In the Pacific Northwest, many homeowners have a shady spot in their garden. An old, second-growth cedar or fir might take up an entire corner, a neighbor’s giant magnolia or purple leaf plum might create a wide, encompassing shadow. So what to do. With some fresh compost and occasional supplemental water, you can grow a lovely shade garden. And it doesn’t have to be all ferns and salal either. Many perennials offer brilliant foliage color that contrasts nicely for a vibrant, engaging effect. Here are some of my favorite shade perennials that deserve more attention.
Heuchera ‘Georgia Peach’
Is that orangey-red color stunning or what? There are a ton of heucheras on the market now, unfortunately, they all seem to cost and arm and a leg, so what I do is narrow the field to a few favorites. I like ‘Plum Pudding’ because I think it’s the truest and most reliable purple color and I like ‘Georgia Peach’ for the same reason. Plus, contrasting it with other shade plants is easy. Its color is so deep and rich, it pops against almost anything. This evergreen grows to about 12″ tall and puts out tall spikes of teeny flowers that hummingbirds love. To keep it happy, give it a few applications of fish fertilizer in spring and summer.
Brunnera macrophylla ‘Hadspen Cream’
There’s another slightly more known Brunnera called ‘Jack Frost’ that has cold silvery variegated foliage. With its light blue flowers in April and later fat spade leaves, it makes a bold statement in the dim of shade. But I also like ‘Hadspen Cream’ because the variegation is yellower and therefore, softer in beauty. I’ve also found it’s easier to design with in terms of color. It has the same cool blue flowers as ‘Jack Frost’ that light up a shady space. Grows to about 12″ tall with flowers branching out above. This photo shows it emerging, not fully grown yet. Herbaceous.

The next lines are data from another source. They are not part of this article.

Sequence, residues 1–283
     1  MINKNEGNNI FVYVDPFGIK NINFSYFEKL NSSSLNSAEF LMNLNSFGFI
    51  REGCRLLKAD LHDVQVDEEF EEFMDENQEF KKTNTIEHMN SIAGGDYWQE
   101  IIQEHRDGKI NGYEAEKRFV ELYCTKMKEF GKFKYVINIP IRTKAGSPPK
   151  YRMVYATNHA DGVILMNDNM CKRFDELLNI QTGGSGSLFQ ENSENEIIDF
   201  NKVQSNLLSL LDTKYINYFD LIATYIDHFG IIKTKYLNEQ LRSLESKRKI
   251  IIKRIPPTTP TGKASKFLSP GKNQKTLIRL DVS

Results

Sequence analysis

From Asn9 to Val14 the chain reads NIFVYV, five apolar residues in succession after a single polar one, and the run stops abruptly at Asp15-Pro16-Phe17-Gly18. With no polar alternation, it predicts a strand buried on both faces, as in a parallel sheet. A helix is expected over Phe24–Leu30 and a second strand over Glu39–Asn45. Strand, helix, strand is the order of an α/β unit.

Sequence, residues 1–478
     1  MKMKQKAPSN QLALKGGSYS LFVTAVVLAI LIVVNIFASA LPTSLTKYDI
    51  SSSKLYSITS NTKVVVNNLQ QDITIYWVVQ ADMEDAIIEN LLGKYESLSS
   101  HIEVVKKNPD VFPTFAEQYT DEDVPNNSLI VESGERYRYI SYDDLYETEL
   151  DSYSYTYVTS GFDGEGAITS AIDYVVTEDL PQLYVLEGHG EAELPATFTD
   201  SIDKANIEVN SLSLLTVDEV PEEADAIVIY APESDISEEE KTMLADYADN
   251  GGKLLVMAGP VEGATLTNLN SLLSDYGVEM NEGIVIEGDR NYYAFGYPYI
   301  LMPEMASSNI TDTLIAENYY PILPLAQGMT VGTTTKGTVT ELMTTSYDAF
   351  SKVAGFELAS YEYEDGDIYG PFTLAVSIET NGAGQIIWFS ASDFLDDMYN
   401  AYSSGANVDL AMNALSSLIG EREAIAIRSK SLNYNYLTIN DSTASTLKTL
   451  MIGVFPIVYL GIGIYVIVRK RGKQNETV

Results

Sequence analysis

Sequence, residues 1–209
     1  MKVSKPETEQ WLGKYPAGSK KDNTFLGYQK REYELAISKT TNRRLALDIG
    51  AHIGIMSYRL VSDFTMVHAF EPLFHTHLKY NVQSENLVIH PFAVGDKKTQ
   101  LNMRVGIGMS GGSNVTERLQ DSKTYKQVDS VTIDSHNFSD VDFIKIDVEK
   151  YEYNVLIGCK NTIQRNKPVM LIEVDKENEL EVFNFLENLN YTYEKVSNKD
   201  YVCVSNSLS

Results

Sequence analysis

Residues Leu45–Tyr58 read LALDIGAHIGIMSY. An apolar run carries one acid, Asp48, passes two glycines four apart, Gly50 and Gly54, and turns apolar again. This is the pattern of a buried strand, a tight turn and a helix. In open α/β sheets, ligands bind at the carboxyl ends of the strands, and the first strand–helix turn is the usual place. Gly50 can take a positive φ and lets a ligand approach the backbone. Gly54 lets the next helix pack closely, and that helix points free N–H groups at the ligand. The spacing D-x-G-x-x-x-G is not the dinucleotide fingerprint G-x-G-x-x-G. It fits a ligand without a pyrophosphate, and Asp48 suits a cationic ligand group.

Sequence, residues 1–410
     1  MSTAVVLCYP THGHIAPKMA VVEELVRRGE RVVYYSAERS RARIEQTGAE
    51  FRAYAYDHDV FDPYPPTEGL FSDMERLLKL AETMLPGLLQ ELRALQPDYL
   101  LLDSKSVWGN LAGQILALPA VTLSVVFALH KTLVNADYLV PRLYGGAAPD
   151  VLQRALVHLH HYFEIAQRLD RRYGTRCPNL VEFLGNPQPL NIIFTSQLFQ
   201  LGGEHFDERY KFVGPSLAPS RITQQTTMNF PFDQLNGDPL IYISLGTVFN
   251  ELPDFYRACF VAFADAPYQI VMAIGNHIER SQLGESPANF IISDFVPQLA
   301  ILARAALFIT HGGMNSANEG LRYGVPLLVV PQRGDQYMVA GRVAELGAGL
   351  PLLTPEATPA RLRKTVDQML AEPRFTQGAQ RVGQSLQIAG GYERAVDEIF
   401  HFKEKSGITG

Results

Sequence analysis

Hosta ‘Fragrant Blue’
I love hostas. They come in so many patterns and colors. And they’re so tough. Yes, slugs might chew little holes into their leaves but a bit of Sluggo or beer will solve that problem. I have several favorites but one I think should be used more in garden designs is ‘Fragrant Blue.’ This positively glows in the shade with a creamy, greenish-blue color. The white fragrant flowers are nice but the real reason to grow this plant is the big impact it has despite its small size. Grows to about eight inches tall. Herbaceous.
Another cheery plant with delicate, two-toned flowers of pink and smokey blue. The white speckles on the foliage adds even more interest, and once this plant takes off, you’ll have lots of babies to either cover your bare ground or pass on to friends. The foliage looks a little tired by the end of summer. In late winter, I cut it all back and voila, it grows in a tight happy mat. Herbaceous.
Heuchera ‘Lime Rickey’
This Heuchera is worth growing just for that glowing chartreuse foliage. The fact that it stays compact and has delicate white flowers are extra pluses. Plant it next to a dark hellebore and you’ll have an instant contrast of color.
There are more and more hellebores coming on to the market every year, but if you need a reliably pretty one to start out with, consider the straight Helleborus orientalis. It blooms for over a month, after which time its flower stalks turn brown as it puts out new leaf stalks. But a quick pruning of those dead flowers makes room for those stems to grow into dark, glossy, almost tropical looking foliage that stays fresh well into late fall. It’s known as an evergreen but not really because in winter the leaves look ratty. Again, a quick cutting allows its fresh blooms to shine. What a great plant.